Stories of Standards: "But Not For Me"

Apr 17, 2017

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Ginger Rogers introduced “But Not For Me” by George and Ira Gershwin on October 14, 1930, in the musical “Girl Crazy”. Although well received, Rogers’ leading lady debut was overshadowed by Ethel Merman’s show-stopping introduction of “I Got Rhythm”. With the Red Nichols Band in the pit, with occasional jam sessions, and George Gershwin conducting the music at the premier, “Girl Crazy” ran for 272 performances. RKO produced “Girl Crazy” in 1932, which included only four of the original songs and got poor reviews. MGM’s 1943 version kept the original story and score almost entirely intact and starred Judy Garland and Mickey Rooney.

Despite his short life George Gershwin (1898-1937) was one of America’s greatest and most influential composers. His first hit (“Swanee” in 1918) was a great success for Al Jolson in the 1919 show “Sinbad”. He was the first to combine serious and popular music (“Rhapsody in Blue” in 1924), the first to score a Pulitzer Prize winning musical (“Of Thee I Sing” in 1931) and the first to write an American opera (“Porgy and Bess” in 1935). His health deteriorated in 1937 and was diagnosed as a brain tumor shortly before his death.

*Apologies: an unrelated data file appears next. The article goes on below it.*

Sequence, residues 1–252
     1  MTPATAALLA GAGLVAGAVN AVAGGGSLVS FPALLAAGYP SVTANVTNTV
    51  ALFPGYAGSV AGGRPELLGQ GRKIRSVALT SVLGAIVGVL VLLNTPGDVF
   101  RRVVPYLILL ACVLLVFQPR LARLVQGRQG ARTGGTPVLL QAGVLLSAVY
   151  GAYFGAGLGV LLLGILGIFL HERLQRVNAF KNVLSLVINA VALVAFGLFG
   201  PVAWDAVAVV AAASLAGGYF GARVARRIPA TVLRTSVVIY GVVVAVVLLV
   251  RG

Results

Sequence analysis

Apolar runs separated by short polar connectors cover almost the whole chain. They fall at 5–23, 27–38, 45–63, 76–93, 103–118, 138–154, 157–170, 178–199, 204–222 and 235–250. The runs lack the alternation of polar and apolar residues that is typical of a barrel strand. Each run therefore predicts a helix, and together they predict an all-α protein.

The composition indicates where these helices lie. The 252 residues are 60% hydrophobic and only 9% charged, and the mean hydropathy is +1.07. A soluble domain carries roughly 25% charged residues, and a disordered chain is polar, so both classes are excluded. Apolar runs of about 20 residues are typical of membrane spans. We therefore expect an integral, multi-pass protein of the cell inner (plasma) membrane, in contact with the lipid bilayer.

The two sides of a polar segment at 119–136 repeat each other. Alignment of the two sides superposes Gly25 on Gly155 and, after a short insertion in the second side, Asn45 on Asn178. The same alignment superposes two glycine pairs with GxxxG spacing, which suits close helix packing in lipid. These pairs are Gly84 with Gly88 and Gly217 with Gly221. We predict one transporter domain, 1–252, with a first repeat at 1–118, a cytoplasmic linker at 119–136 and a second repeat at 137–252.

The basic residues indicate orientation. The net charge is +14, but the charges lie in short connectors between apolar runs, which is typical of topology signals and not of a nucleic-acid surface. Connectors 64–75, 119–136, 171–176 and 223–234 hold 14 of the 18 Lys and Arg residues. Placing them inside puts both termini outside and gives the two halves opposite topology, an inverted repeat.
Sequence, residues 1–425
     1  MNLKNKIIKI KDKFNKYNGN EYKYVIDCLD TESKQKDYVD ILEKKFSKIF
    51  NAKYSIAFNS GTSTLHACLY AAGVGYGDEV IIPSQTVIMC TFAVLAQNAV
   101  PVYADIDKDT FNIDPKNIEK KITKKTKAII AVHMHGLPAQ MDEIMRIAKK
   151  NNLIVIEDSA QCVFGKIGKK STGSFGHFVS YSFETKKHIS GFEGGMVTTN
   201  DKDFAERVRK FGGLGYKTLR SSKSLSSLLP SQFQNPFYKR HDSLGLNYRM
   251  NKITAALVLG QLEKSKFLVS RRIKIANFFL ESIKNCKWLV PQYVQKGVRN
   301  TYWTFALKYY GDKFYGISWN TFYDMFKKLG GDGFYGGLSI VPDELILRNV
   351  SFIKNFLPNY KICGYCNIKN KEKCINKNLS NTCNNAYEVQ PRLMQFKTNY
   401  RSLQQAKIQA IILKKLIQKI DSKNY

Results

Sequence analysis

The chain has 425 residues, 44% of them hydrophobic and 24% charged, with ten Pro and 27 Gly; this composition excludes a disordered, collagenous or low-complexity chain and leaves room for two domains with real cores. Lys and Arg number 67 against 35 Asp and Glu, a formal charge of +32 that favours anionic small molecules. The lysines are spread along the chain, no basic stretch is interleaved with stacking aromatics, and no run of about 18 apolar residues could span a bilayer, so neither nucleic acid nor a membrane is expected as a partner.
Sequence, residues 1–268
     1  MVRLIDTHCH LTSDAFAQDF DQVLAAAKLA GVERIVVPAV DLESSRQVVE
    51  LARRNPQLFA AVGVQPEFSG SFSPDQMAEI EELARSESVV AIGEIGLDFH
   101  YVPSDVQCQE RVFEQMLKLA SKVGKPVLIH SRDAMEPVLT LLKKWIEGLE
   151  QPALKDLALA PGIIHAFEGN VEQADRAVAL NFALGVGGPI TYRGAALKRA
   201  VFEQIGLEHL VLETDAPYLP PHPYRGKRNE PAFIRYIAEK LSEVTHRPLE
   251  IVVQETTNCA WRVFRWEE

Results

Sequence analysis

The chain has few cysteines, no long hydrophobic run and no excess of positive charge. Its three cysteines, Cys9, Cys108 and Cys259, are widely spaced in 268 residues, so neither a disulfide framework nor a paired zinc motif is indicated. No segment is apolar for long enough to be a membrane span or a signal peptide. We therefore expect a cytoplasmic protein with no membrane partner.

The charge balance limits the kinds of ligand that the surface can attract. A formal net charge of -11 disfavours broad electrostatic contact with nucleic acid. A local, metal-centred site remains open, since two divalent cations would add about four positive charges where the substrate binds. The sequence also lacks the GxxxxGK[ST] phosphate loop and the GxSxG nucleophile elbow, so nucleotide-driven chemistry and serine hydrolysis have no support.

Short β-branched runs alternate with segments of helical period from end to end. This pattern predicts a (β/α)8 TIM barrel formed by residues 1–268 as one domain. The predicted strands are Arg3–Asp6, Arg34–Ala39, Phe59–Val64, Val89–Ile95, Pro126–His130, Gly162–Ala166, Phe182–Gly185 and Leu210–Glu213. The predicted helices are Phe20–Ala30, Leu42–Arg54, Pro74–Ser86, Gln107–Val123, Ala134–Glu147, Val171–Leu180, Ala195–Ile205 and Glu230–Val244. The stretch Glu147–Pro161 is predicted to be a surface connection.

Ira Gershwin (1896-1983) began writing music while attending Townsend Harris High School in New York City, where his first collaborator and close friend was E. Y. “Yip” Harburg. In 1924 Ira began writing with his younger brother George, in what proved to be one of the most successful partnerships in American musical history. Ira’s partners after George’s death included Kurt Weill, Jerome Kern and Harold Arlen. As noted by the Songwriters Hall of Fame: “On Dec. 6, 1996, Ira was the first lyricist to be honored by a special tribute performance on the centennial observance of his birth, in New York's Carnegie Hall.”

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George Gershwin & Ginger Rogers